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Author Topic: Stupid Questions :o  (Read 270269 times)

Tigertown

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Re: Stupid Questions :o
« Reply #1250 on: October 11, 2017, 05:20:41 PM »
Yes, but the H2O vapor in the clouds prevents long wave radiation from escaping from the surface and reflects it back downward.

Daniel B.

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Re: Stupid Questions :o
« Reply #1251 on: October 11, 2017, 07:26:43 PM »
Yes, but the H2O vapor in the clouds prevents long wave radiation from escaping from the surface and reflects it back downward.
Yes, but how much radiation is trying to escape during the cold, dark winter months?

Tigertown

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Re: Stupid Questions :o
« Reply #1252 on: October 11, 2017, 08:54:51 PM »
There are tremendous amounts of heat energy stored in the oceans and carried to the Arctic via currents.

Dharma Rupa

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Re: Stupid Questions :o
« Reply #1253 on: October 11, 2017, 11:30:46 PM »
Yes, but the H2O vapor in the clouds prevents long wave radiation from escaping from the surface and reflects it back downward.
Yes, but how much radiation is trying to escape during the cold, dark winter months?

Before the surface freezes there is a lot, and even after that quite a bit.  The question is how much the added water vapor prevents from escaping.

When the Arctic was essentially a desert the dry air let almost all the heat escape, but now it is much less of a desert and the question is:  How much heat does the added humidity, even without clouds, prevent from escaping?  (preferably as a comparison with the desert state)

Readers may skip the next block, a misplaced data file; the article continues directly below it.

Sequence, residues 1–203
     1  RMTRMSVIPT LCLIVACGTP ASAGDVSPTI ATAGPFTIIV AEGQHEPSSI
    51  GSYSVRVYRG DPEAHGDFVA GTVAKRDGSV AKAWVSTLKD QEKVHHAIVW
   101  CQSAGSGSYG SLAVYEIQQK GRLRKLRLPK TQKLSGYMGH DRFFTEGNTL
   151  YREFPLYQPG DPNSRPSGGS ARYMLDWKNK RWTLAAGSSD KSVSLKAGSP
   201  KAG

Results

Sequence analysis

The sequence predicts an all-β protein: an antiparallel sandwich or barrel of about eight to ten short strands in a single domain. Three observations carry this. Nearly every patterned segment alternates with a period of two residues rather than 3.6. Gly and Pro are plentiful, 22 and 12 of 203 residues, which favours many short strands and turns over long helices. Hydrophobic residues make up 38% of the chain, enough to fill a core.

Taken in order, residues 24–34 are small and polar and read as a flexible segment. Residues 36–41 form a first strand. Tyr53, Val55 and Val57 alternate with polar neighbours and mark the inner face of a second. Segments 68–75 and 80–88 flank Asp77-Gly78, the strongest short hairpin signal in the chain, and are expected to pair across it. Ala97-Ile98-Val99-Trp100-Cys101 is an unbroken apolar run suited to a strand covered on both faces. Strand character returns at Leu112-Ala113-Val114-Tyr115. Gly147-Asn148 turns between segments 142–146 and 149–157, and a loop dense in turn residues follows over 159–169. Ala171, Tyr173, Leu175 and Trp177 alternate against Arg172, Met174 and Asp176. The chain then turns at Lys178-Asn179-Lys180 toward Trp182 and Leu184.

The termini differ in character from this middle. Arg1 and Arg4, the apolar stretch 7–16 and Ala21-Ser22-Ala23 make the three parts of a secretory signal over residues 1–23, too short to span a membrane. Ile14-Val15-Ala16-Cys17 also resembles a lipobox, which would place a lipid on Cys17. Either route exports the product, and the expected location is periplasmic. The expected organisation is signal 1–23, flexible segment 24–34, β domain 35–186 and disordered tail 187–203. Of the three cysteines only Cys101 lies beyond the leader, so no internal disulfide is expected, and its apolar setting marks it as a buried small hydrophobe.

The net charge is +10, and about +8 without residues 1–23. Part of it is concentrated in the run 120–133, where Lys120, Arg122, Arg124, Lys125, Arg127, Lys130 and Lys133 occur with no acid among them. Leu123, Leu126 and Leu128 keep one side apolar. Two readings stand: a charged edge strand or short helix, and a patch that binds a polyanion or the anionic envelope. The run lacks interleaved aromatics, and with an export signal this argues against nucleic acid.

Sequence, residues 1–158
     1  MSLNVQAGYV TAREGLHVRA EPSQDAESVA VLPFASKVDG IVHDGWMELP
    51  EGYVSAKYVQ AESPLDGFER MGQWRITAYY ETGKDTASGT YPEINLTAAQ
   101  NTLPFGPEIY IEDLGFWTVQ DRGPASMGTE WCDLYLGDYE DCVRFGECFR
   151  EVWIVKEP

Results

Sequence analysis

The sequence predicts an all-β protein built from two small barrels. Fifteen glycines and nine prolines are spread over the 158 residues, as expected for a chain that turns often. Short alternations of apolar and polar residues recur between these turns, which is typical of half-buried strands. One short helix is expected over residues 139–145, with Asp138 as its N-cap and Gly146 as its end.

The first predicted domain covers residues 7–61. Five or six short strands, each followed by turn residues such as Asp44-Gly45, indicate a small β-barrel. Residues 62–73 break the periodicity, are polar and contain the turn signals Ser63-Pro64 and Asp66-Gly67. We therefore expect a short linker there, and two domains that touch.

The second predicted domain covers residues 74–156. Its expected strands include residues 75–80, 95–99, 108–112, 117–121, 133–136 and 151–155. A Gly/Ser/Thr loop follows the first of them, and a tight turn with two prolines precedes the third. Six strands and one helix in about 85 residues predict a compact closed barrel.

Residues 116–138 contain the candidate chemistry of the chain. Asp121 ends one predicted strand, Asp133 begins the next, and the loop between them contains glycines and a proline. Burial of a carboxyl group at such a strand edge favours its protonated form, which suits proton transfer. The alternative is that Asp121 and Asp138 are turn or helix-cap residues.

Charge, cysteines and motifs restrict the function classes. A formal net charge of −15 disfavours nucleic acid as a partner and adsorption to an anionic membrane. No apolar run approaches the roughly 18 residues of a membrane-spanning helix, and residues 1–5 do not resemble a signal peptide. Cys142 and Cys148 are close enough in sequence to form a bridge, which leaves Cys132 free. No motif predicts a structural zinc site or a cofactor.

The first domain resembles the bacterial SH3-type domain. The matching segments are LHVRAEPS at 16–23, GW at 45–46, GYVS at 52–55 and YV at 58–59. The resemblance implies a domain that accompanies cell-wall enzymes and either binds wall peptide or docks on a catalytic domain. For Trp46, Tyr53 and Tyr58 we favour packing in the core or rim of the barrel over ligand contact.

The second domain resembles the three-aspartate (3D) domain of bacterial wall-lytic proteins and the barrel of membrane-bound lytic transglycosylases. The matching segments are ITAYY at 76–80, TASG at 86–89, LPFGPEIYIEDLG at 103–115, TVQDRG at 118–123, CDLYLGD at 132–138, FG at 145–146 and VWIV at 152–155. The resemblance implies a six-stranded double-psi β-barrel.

Dharma Rupa

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Re: Stupid Questions :o
« Reply #1254 on: October 11, 2017, 11:37:28 PM »
There are tremendous amounts of heat energy stored in the oceans and carried to the Arctic via currents.

Yes, and it used to be that most of that was trapped under a sheet of ice.  Probably most of it is still trapped under the ice, but there has been a change.   How much of a change?  How can we see how much of a change?

A-Team has been showing us some really nice, if a bit hard to interpret, graphics of current flux -- but I don't have anything to compare them to.  No history.


Iceismylife

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Re: Stupid Questions :o
« Reply #1255 on: October 12, 2017, 07:12:53 PM »
Yes, but the H2O vapor in the clouds prevents long wave radiation from escaping from the surface and reflects it back downward.
Yes, but how much radiation is trying to escape during the cold, dark winter months?

Before the surface freezes there is a lot, and even after that quite a bit.  The question is how much the added water vapor prevents from escaping.

When the Arctic was essentially a desert the dry air let almost all the heat escape, but now it is much less of a desert and the question is:  How much heat does the added humidity, even without clouds, prevent from escaping?  (preferably as a comparison with the desert state)
If you want a comparison look at cash county utah vs salt lake valy.  One hits 0 the other hits -40 F. The great salt lake is open water year round. Cash county doesn't have open water.

Dharma Rupa

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Re: Stupid Questions :o
« Reply #1256 on: October 12, 2017, 10:43:04 PM »
Yes, but the H2O vapor in the clouds prevents long wave radiation from escaping from the surface and reflects it back downward.
Yes, but how much radiation is trying to escape during the cold, dark winter months?

Before the surface freezes there is a lot, and even after that quite a bit.  The question is how much the added water vapor prevents from escaping.

When the Arctic was essentially a desert the dry air let almost all the heat escape, but now it is much less of a desert and the question is:  How much heat does the added humidity, even without clouds, prevent from escaping?  (preferably as a comparison with the desert state)
If you want a comparison look at cash county utah vs salt lake valy.  One hits 0 the other hits -40 F. The great salt lake is open water year round. Cash county doesn't have open water.